Standard Article

Noncoding Tandemly Repeated DNA Sequences

  1. Wolfgang Stephan

Published Online: 15 SEP 2006

DOI: 10.1002/3527600906.mcb.200400009

Encyclopedia of Molecular Cell Biology and Molecular Medicine

Encyclopedia of Molecular Cell Biology and Molecular Medicine

How to Cite

Stephan, W. 2006. Noncoding Tandemly Repeated DNA Sequences. Encyclopedia of Molecular Cell Biology and Molecular Medicine. .

Author Information

  1. University of Munich, Department of Biology II, Munich, Germany

Publication History

  1. Published Online: 15 SEP 2006

Abstract

Noncoding, tandemly repeated dna sequences form a substantial fraction of the genomes of eukaryotes. In bacteria, however, large tandem arrays are not present. Some of the variation in genome size between different eukaryotic species, which bears little relation to differences in organismal complexity or the numbers of protein-coding genes (the c-value paradox), appears to be due to these nongenic sequences. This class of DNA includes satellite DNA (very highly repetitive sequences), minisatellite DNA (moderately repetitive sequences), and microsatellite DNA (short tandem arrays). In many cases, tandem arrays of noncoding DNA sequences seem to be maintained solely by their ability to replicate quickly within the genome (the selfish DNA hypothesis). Their behavior can result in mutations that cause human genetic disorders (e.g. fragile X syndrome). Features of the organization of tandemly repeated DNA sequences in eukaryotic genomes reflect the genetic mechanisms and evolutionary pressures acting on selfish DNA. New data from the human genome project provide a first glimpse on centromeric satellite DNA, a hitherto unexplored bastion of our genomes, and allow us to test previously proposed models of the evolution of highly repetitive sequences.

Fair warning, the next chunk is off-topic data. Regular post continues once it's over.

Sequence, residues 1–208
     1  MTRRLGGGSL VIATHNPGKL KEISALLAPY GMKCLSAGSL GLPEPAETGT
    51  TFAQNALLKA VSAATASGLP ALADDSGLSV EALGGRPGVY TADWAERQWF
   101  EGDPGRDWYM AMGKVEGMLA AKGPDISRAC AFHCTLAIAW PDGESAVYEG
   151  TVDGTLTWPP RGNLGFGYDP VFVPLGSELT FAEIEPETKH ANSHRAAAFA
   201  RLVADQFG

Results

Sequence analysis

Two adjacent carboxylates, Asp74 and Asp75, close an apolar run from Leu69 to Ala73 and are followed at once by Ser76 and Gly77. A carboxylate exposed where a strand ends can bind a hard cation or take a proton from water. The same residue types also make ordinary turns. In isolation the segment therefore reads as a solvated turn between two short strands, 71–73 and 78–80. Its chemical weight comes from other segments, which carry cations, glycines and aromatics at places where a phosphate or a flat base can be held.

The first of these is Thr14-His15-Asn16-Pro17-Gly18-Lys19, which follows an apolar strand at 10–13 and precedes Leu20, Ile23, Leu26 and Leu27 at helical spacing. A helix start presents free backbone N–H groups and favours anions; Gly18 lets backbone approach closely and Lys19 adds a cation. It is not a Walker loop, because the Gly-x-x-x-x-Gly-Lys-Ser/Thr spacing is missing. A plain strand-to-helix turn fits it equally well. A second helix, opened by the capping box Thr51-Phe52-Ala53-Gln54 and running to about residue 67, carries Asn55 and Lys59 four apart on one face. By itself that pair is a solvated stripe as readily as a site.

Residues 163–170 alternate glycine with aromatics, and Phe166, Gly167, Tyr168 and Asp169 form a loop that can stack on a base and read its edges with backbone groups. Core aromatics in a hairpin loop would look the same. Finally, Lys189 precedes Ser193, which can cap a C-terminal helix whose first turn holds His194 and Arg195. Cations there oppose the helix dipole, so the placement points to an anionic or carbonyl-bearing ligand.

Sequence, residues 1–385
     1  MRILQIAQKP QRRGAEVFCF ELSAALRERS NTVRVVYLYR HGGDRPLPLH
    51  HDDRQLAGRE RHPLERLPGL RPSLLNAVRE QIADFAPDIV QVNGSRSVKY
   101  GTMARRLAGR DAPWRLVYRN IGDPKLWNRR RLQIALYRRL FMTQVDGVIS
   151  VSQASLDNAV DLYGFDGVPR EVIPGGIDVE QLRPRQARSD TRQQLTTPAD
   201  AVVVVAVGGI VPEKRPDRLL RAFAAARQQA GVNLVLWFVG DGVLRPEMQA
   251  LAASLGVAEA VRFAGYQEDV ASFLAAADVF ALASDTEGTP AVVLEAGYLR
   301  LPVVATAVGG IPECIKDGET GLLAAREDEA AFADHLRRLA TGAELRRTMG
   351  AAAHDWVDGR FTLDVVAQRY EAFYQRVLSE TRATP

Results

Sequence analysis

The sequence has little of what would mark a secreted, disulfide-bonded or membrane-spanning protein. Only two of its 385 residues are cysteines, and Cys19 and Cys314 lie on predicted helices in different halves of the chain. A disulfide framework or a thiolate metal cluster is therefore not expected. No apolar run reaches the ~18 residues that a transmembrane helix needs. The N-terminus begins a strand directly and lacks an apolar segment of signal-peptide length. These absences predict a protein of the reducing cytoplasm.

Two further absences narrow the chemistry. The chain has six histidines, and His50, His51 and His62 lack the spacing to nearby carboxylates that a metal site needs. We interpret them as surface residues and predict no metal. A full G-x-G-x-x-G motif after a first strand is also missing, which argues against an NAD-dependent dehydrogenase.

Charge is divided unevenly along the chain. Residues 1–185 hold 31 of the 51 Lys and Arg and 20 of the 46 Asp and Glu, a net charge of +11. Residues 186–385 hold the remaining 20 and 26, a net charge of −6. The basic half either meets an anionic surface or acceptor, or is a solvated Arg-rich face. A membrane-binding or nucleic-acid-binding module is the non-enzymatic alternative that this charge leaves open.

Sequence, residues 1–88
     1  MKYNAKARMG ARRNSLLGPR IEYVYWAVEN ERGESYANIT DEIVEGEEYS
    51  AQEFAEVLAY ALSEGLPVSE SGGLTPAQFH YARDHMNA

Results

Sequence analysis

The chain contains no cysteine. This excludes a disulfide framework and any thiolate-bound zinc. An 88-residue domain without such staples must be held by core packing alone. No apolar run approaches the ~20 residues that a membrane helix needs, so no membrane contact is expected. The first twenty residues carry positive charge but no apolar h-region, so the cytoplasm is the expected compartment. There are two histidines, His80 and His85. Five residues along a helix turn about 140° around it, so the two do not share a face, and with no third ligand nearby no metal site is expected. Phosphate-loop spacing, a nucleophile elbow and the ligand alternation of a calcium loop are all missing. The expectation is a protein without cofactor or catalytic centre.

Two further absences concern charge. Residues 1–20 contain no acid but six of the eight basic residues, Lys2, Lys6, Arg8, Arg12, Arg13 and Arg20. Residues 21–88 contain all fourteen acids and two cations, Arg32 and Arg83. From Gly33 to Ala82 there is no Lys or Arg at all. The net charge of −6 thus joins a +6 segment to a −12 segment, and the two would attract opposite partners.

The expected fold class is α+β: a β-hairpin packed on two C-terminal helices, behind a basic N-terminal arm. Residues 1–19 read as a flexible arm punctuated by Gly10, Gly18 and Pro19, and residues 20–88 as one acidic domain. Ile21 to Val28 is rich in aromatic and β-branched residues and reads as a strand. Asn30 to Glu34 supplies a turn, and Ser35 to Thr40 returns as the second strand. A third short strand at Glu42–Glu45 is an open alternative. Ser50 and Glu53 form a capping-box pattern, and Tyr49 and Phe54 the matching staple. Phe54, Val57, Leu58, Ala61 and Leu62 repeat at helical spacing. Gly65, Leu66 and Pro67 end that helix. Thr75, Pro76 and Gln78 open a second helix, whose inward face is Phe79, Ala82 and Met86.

Keywords:

  • Copy Number Polymorphism;
  • Mechanisms of Copy Number Variation;
  • Noncoding, Tandemly Repeated DNA;
  • Selfish DNA